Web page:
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Full text of "Poland Russia and Great Britain 1941-1945"

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Soviet puppet, which Stalin had been willing to disband altogether had
the Polish Prime Minister surrendered to the Soviet plans, was able to
gain a certain amount of standing in the international arena.
The Polish Government's surrender seemed perhaps even more
necessary to the British Government at the time than to Stalin. For the
Russian dictator, such consent represented merely a question of propa-
ganda value to the world, while, as far as Poland was concerned,, unques-
tionably that consent, once given, would have automatically deprived the
Polish Government in London of the support of the country. As regards
Britain, it would follow that such a step would release that country from
any formal obligations under the existing Treaty. Since the Polish
Premier had no power to agree to the demands handed him by Moscow,
he returned to London in search of further concessions from his Cabinet.
His appraisal of the situation was not optimistic and he concluded his
statement with the words : " They are waiting for the Polish Government
to voluatarily commit suicide. The existing Polish Government and its
Premier will take no such step, they have no intention of being the grave
diggers for the sovereignty and independence of the Polish State."
Presenting himself as " the wandering minstrel travelling from court to
court," the British Prime Minister gave a wordy version of his parleys in
Moscow to the Commons on October 27. He was able to inform the
House that never had relations between the two countries been more
cordial and intimate. He explained that he hadc sung * so well In Moscow
he could now report that the tangled problems of the Balkans had been
brought to an harmonious solution although, for the time being, this
solution was both e temporary' and l limited.' The general tone of the
speech was one of intense satisfaction—except for the last subject touched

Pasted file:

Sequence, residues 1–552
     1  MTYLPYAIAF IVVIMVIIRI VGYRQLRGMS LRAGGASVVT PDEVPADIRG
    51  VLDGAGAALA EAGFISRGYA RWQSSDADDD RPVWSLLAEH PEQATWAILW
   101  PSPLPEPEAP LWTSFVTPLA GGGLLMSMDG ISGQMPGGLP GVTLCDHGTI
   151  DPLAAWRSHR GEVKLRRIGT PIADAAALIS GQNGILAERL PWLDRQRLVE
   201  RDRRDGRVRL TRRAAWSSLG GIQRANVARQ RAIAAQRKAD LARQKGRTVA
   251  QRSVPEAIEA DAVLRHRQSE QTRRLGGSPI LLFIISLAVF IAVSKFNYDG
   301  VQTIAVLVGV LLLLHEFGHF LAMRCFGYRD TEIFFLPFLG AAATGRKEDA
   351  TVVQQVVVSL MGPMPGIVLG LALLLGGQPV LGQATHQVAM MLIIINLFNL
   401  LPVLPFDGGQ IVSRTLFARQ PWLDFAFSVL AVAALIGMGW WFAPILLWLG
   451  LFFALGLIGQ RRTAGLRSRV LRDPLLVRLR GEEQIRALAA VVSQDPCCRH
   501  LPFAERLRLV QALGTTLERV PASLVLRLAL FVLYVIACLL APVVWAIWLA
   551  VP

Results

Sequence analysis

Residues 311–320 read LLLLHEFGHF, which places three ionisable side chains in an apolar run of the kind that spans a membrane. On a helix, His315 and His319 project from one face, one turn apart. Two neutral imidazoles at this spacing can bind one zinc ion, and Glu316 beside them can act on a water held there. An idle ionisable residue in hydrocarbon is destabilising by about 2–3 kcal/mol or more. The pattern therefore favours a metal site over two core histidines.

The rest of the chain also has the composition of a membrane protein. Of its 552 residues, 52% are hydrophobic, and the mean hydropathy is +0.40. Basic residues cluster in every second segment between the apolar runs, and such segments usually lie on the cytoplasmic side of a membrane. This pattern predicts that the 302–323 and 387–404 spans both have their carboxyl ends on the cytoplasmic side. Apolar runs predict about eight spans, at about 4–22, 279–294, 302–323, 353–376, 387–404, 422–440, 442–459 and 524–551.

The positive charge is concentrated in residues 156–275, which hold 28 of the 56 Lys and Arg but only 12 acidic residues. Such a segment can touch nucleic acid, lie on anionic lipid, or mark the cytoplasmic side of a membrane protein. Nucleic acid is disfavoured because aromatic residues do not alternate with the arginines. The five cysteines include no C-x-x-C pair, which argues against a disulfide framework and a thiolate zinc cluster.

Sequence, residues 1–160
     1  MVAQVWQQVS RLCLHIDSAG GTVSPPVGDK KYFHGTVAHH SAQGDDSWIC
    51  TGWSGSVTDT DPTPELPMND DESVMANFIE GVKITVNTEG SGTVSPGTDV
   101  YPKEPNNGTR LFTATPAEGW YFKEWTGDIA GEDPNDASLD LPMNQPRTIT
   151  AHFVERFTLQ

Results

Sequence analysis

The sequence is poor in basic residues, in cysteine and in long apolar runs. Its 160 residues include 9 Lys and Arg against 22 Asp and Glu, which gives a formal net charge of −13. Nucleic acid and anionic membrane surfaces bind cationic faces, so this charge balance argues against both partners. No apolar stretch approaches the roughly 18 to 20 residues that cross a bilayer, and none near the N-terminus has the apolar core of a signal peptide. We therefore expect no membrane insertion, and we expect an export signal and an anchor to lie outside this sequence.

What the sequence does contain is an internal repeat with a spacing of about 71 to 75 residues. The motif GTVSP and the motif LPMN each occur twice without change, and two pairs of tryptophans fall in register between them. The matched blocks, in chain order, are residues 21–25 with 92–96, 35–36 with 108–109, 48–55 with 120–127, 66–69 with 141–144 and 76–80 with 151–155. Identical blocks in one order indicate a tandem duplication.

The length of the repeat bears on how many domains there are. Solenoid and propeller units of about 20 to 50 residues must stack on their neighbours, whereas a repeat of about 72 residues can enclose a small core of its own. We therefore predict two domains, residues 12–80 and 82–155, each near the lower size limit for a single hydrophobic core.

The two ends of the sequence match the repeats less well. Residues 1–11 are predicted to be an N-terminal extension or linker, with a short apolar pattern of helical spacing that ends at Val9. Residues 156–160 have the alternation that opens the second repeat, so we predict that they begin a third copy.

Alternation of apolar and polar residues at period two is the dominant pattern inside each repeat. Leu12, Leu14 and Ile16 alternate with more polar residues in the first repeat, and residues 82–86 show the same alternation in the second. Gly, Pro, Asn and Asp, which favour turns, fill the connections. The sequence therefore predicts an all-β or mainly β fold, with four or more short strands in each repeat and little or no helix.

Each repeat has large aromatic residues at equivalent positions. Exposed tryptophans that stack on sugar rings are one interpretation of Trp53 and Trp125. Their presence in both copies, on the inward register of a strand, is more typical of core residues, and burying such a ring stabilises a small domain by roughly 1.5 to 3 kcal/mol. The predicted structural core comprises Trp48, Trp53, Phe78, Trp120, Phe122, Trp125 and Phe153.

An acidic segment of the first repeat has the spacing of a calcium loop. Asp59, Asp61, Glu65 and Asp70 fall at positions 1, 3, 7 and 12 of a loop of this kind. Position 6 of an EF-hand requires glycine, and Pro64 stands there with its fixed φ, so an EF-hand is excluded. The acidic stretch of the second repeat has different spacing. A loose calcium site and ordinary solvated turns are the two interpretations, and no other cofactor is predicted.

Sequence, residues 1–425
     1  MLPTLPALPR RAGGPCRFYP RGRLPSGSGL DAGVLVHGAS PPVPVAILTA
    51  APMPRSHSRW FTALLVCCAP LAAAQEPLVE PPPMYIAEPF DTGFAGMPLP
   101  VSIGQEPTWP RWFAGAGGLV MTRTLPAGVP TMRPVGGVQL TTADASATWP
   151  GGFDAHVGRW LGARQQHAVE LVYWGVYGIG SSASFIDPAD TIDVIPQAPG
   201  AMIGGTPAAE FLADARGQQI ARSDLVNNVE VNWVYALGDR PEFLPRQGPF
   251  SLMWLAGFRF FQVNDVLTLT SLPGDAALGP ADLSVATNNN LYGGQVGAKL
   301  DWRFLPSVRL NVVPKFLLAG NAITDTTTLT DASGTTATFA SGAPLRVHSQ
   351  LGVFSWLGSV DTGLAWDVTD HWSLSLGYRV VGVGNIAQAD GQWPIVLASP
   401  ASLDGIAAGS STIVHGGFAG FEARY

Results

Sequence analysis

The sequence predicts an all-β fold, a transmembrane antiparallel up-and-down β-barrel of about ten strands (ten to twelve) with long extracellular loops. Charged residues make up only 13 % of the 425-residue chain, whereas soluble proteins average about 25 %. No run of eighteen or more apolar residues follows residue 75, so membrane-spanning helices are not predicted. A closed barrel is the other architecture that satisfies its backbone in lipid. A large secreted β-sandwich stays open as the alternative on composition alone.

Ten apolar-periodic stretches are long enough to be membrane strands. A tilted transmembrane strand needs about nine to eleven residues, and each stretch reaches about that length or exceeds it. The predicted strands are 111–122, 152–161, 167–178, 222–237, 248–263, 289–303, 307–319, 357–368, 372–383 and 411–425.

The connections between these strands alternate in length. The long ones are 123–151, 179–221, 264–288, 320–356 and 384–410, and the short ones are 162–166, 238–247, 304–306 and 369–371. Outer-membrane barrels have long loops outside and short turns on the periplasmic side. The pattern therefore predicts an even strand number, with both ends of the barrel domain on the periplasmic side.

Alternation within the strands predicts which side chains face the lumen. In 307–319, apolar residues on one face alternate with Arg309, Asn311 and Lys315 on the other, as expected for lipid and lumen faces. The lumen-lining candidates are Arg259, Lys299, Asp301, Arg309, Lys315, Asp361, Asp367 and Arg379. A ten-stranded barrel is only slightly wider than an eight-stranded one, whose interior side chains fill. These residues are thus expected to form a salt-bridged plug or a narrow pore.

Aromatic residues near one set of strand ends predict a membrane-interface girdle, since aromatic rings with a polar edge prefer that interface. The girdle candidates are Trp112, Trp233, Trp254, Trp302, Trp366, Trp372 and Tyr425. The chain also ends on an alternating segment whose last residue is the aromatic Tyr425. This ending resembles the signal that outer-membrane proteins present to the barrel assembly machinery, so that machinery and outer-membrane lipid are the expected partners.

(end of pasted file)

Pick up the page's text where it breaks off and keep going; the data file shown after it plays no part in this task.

on—Poland—which sounded like a warning of things to come :—
" The most urgent and burning question was, of course, that of Poland,
and here again I speak words of hope, reinforced by confidence. To
abandon hope in this matter would, indeed, be to surrender to despair. In
this sphere there are two crucial issues. The first is the question of the
eastern frontier of Poland with Russia, and the c Curzon Line,' as it is
called, and the new territories to be added to Poland in the North and in the
West. That is the first issue.
" The second is the relation of the Polish Government with the Lublin
National Liberation Committee. On these two points, apart from many
subsidiary and ancillary points, we held a series of conferences with both
parties. We saw them together and we saw them separately, and of course
we were in constant discussion with the heads of the Soviet Government.
I had several very long talks with Marshal Stalin, and the Foreign Secretary
was every day working on these and cognate matters with M. Molotov.
Two or three times we all four met together without anyone but the inter-
preters being present.
" I wish I could tell the House that we had reached a solution of this
problem. It is certainly not for want of trying. I arn quite sure, however,
that we have got a great deal nearer to the solution of both. I hope that M.
Mikolajczyk will soon return to Moscow, and it will be a great disappoint-
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